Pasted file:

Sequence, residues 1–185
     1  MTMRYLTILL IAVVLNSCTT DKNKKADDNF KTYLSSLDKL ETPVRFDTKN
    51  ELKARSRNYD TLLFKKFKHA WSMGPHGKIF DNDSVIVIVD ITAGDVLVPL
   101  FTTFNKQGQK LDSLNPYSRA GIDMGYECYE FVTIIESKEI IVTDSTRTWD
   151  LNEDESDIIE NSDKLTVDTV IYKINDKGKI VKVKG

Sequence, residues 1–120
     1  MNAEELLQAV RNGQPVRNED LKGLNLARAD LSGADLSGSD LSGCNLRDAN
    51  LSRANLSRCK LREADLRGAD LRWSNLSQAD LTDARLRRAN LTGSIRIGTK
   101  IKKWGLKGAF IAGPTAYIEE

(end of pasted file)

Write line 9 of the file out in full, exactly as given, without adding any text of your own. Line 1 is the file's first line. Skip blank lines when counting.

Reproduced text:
   101  IKKWGLKGAF IAGPTAYIEE